Hondo by Louis LAmourHe was etched by the desert’s howling winds, a big, broad-shouldered man who knew the ways of the Apache and the ways of staying alive. She was a woman alone raising a young son on a remote Arizona ranch. And between Hondo Lane and Angie Lowe was the warrior Vittoro, whose people were preparing to rise against the white men. Now the pioneer woman, the gunman, and the Apache warrior are caught in a drama of love, war, and honor.
Six Myths about the Good Life
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Kupperman of the University of Connecticut. Its primary focus is on what has value , and which values are most worth espousing in life — a question central to what is known as the philosophy of life. While some philosophers have come to see the pursuit of happiness as central to the making of a good life, others point to the value of achievement. Kupperman sees grounds for both conceptions, but finds them wanting in simple and general terms. Drawing on classical Chinese, Indian, Greek and Roman sources, Six Myths explores this and in the process gives its readership a general impression of what Kupperman believes a good life ought to be.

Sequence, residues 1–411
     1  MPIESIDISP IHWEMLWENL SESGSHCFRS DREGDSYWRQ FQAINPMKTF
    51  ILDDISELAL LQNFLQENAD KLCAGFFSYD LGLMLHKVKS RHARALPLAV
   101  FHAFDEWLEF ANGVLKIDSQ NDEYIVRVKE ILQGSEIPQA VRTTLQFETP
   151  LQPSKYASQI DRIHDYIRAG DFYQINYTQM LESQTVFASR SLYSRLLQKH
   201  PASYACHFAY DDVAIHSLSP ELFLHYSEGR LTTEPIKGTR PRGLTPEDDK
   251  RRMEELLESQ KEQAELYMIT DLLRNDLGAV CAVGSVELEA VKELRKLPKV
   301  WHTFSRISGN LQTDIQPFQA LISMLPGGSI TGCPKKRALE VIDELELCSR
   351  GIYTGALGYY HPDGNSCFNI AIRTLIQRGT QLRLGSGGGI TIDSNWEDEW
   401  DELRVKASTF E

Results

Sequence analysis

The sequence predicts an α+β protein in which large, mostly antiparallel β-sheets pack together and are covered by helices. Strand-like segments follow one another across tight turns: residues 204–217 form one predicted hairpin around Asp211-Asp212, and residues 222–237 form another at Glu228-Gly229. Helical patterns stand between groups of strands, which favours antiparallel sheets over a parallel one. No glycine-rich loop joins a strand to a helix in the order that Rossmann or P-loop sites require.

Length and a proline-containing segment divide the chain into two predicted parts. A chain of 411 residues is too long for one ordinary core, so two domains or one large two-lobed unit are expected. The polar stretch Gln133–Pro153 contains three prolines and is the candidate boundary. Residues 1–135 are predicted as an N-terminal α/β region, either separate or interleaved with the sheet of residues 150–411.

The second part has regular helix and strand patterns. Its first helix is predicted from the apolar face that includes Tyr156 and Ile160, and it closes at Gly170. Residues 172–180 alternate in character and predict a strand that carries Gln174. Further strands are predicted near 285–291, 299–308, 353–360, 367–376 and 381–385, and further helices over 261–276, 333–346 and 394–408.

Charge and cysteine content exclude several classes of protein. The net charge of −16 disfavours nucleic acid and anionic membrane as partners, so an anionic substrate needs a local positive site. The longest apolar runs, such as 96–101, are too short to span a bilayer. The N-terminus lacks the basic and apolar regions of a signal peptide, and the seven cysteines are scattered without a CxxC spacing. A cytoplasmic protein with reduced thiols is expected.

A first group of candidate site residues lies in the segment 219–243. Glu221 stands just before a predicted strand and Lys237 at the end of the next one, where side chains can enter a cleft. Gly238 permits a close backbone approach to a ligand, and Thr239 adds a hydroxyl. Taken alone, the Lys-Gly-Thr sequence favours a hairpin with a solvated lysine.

Six Myths about the Good Life: Thinking about what has Value is a popular philosophical book by Joel J. Kupperman of the University of Connecticut. Its primary.
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Joel Kupperman's little book on the good life is an impressively subtle introduction to this ancient subject, which also fulfils its promise of engaging a general reader. Ranging through the usual suspects hedonism, happiness, reason and virtue and the not so usual reaching a point of equilibrium , we are shown how each of these tempting accounts contains an element of truth, but cannot account for the whole story. This negative project is accompanied by the positive argument that properly understood, a life of true virtue will be rewarding, however rarely attained. While explicitly an exploration of good lives, the broader theme of the book, as the subtitle suggests, is an exploration of particular values and their role in making a life desirable. In the final chapter Kupperman turns briefly to meta-ethics, arguing that knowledge of what has value is tricky but still possible.